Lt. Gov. Peter Kinder, who gave the Republican response and is widely expected to run against Nixon next year, took a more combative tone. He called on Democrats to join him in challenging the federal health-care law, and he noted that with the large majority Republicans hold in the Legislature, they also have an enormous responsibility.
He called on Nixon to stop what he called "showboating and grandstanding" and get down to serious governing.
"The time for fancy speeches is over," he said. "You see: Gov. Nixon has been AWOL on the issues that matter most to you and your family."
Saying the governor should not be a spectator in solving the state's problems, Kinder concluded:
"I ask that every elected official, Republican and Democrat, to follow the example set by so many resilient Missourians across this state, who are determined to use this opportunity to build a brighter, more prosperous future for their families, their communities, and their state -- a future brimming with opportunity and filled with hope."
State Sen. Rob Mayer, R-Dexter, the Senate majority leader, criticized Nixon's budget figures, saying that "in many ways, he's playing a shell game with us with some of these numbers."
For example, he said that Nixon planned to raise $20 million from a tax amnesty plan, but "you never get the kind of collections in taxes that you think you will." He said projected savings from refinancing the state debt is also likely to fall short.
Mayer also criticized the governor's job proposals as not being bold enough.
"There's nothing new and innovative that will bring much in job creation," he said. "Let's face it. Unemployment is still 9.5 percent here in Missouri, and it's been right around there for a long time now. Where was the governor in the past two years when we needed job creation?"
Mayer, Missouri House Speaker Steve Tilley, R-Perryville, and state Sen. Tim Green, D-Spanish Lake, all noted Nixon's bipartisan approach, though they acknowledged that as lawmakers get deeper into their work, the tone could get less cordial.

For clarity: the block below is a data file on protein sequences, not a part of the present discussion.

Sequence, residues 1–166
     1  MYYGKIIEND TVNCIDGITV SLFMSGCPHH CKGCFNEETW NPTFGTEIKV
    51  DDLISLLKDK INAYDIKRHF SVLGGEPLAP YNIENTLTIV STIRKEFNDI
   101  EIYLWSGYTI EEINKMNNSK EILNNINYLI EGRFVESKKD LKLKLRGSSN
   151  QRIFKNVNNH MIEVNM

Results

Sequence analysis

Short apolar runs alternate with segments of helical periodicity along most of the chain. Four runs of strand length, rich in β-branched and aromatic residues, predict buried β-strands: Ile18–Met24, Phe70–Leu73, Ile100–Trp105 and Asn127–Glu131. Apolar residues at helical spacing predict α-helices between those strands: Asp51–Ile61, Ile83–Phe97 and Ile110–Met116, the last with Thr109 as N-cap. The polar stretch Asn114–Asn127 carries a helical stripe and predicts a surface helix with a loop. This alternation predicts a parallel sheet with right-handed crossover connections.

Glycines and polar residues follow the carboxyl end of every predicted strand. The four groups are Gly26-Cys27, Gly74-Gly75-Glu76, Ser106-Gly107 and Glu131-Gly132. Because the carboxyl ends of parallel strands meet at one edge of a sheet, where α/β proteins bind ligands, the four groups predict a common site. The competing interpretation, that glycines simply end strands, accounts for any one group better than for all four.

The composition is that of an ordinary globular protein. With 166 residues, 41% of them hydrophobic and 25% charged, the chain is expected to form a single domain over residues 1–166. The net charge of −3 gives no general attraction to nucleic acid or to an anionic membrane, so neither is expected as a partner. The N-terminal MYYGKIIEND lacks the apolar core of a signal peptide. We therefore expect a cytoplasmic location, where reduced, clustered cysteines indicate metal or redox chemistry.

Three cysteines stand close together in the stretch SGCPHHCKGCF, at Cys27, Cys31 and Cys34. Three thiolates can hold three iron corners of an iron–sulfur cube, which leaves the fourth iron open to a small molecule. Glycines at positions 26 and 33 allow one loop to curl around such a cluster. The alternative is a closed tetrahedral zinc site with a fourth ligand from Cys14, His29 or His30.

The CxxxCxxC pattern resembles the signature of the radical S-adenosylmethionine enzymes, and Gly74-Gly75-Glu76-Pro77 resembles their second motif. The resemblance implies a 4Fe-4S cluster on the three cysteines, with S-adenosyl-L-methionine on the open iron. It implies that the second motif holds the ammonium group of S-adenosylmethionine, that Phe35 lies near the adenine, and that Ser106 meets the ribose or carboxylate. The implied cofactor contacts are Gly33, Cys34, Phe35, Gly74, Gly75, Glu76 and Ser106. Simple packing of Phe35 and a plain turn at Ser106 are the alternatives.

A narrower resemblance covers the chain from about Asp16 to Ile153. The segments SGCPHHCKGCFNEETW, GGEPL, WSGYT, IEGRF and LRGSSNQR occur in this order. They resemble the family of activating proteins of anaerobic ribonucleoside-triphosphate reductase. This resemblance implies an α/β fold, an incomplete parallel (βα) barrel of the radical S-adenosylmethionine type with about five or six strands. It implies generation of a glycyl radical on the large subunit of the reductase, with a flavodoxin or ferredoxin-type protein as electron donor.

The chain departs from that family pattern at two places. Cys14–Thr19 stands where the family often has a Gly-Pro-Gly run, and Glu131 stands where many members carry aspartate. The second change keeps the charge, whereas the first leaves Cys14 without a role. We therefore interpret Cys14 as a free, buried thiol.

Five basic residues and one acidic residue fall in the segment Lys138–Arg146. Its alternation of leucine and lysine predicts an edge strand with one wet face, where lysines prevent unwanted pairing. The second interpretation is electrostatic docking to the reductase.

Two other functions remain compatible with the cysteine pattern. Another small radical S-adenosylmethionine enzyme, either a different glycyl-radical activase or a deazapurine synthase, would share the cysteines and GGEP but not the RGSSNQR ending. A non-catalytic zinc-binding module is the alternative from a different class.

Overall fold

Tilley said that is particularly likely to happen when broad proposals are filled in with detail that was lacking in Wednesday night's speech.
"Where we think the governor is right," Tilley said, "we look forward to working with him to help accomplish his goals, and where we think he's off track, we'll tell him we think he is going in the wrong direction."
Green noted that partisanship often deepens as the language of election campaigns fades away.
"Everyone wants to be bipartisan when they are running for office," he said, but once they get into office, partisanship starts.
"When you get elected and start a new session, you try not to be cynical. You try to be optimistic; I just hope the optimism can prevail. Basically, people are hurting. The rhetoric gets old."
If the bipartisan spirit does hold, Connor thinks the fact that Nixon ended his speech by quoting former Sen. Christopher S. Bond may have something to do with it.
Recalling words from last year's farewell speech on the floor of the Senate, Nixon quoted Bond as saying:
"In a world today, where enemies are real ... it is important to remember there is a lot of real estate between a political opponents and a true enemy. There will be issues where people of good conscience cannot come together. But never let what cannot be done interfere with what can be done."
To Connor, the fact that Nixon chose the Republican Bond to quote instead of Harry Truman or Franklin Roosevelt sent a signal "that we all serve the great state of Missouri.
"That was an exceptionally strong ending. To cite Christopher Bond was ending on right note of bipartisanship."
Contact Beacon staff writer Dale Singer.
Dale Singer Beacon staff